I'm one of those people who gets nervous eating out by myself and has seen a movie alone once, but I'm so full of awe for folks who are just as happy by themselves as they are with others. One of my dearest best friends, Bret, just completed his very first trip to Europe and he went alone and had the time of his life! I asked him to share all the details on planning and enjoying a trip for one. — Amber
Every time I told someone I was traveling to London and Paris for eight days on my own I got the same vacant confused look followed by a pity "Oh! Sounds….fun. Cool…" Is it so difficult to believe that a grown 27-year-old man would enjoy sojourning all by his lonesome? Traveling alone was a great experience for me and I am delighted to share my experiences with y'all per Amber's request. I loved being able to do whatever I wanted without having to worry about a friend's need to do silly things like sit down or eat food (things I tend to forget to do).
I started planning in February using www.hostelworld.com from my friend Kate's suggestion and my love of a good/terrible pun. Since I knew I cared about cleanliness and safety above staying in a party spot, I was able to find great and cheap places to stay that suited me and my needs and I basically just wanted a clean bed near a good metro. I decided to underpack since I wasn't sure how long I'd have to be carrying around my bag or how much locker space I'd have at the hostel. Of course, for me, packing light means bringing only one change of socks but four pairs of sunglasses and five striped tees.
Self-portrait with Tower of London
After being yelled at by a drunk woman either reading her Bible or crying (it was a LONG flight), I landed in jolly ole London and instantly fell in love — the architecture, the streets, the people, the gin. I loved just walking for hours upon hours through Soho, the West End, the City, Westminster, wherever my Toms-covered feet would take me. I recommend having a guidebook filled with detailed maps, especially if you're as prone to wandering in the wrong direction as me.
Traveling by myself was a huge bonus for me in London because I got to do anything I wanted, namely enjoy West End theatre. I know I live in New York and see great theatre almost every week, but when Imedla Staunton and Michael Ball are starring in "Sweeney Todd," you pay attention! Being alone and not having to think about another person's time, wants, or money made it easy for me to see this musical two days in a row without question. Some West End shows offer seats at cheap rates day-of if you just ask at the box office. I know my need to see 5 shows in 3 days would have been annoying to any traveling companion, so I was glad to be buying only one ticket.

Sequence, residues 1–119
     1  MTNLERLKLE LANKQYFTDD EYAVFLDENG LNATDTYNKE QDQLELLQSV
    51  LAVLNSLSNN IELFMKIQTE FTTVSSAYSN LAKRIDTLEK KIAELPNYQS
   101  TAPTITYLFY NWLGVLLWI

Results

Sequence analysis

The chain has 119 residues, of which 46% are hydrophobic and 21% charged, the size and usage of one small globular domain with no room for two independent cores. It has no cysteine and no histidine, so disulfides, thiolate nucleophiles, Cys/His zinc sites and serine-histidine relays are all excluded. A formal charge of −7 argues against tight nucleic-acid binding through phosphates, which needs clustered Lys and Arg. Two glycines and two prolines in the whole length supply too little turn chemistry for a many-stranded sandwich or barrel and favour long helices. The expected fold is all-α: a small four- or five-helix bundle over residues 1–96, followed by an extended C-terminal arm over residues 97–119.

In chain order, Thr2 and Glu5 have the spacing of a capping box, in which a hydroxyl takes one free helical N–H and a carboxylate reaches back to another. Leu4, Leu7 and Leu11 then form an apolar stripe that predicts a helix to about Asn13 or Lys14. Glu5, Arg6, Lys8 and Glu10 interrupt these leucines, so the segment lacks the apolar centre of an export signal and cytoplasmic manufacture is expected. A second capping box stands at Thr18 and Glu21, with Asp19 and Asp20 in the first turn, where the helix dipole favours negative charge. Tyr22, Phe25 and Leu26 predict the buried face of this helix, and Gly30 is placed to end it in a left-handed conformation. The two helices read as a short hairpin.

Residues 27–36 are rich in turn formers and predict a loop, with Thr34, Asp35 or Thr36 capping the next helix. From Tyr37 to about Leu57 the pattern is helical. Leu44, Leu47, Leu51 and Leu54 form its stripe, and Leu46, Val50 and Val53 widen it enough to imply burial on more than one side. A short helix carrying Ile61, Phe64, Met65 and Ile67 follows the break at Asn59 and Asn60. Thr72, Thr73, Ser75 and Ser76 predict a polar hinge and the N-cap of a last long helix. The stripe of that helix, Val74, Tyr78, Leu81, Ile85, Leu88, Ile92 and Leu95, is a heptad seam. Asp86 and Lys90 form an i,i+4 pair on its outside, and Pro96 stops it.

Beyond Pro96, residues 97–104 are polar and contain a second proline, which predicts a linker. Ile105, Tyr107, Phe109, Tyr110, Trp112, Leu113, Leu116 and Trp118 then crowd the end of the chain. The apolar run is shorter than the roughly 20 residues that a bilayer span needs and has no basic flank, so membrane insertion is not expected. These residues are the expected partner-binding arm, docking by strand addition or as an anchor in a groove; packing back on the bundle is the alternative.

I.M. Pei's pyramid at the Louvre.
I also wanted to visit plenty of museums and historical sites, but I like to walk through them at my own pace since it seems I'm either spending too much time looking at an object d'art or practically racing through yet another painting of the annunciation for my traveling companion's taste (seriously, there are like 10,000 of those between the National Gallery and the Louvre). I was able to contemplate a single stroke of paint on a Seurat at the Musée d'Orsay for half an hour but race through stacks of wood at the Tate Modern since those are my jam and anti-jam, respectively.
A picnic of market fruit and veggies.
Boeuf bourguignon and red wine for one.
Dining alone might be an issue for some, but it doesn't have to be. In London I mostly grabbed food on the go or nibbled on pub fare and Paris culture is all about sitting in a brasserie or cafe alone reading and enjoying a coffee or glass of wine for hours. I was able to sample tradition French dishes like boeuf bourguignon and the most delicious rotisserie chicken with potatoes all while watching the beautiful people of Paris walk by me. I also went to local neighborhood street markets to make picnics in locations like Covent Garden, Jardin du Luxembourg, and the Eiffel Tower.
Self-portrait with dead people in the catacombs.
My good friends know I have a morbid fascination with cemeteries and all things creepy (minus Tim Burton movies), but not many feel the same. Naturally I was DYING to wander through 2 kilometers of an underground Parisian ossuary with stacks of artfully arranged bones and skulls. A real highlight of my trip, the Catacombs of Paris, were built in the late 18th-century and have been a tourist attraction ever since.
I was able to experience two amazing cities I've dreamed about since childhood and I am grateful to have done it Eponine-style, on my own.
Isn't that inspiring? I'm trying to think where I'd want to go on my own...not sure I'm this brave yet, so it might be a place like the Greenbrier Resort in West Virginia.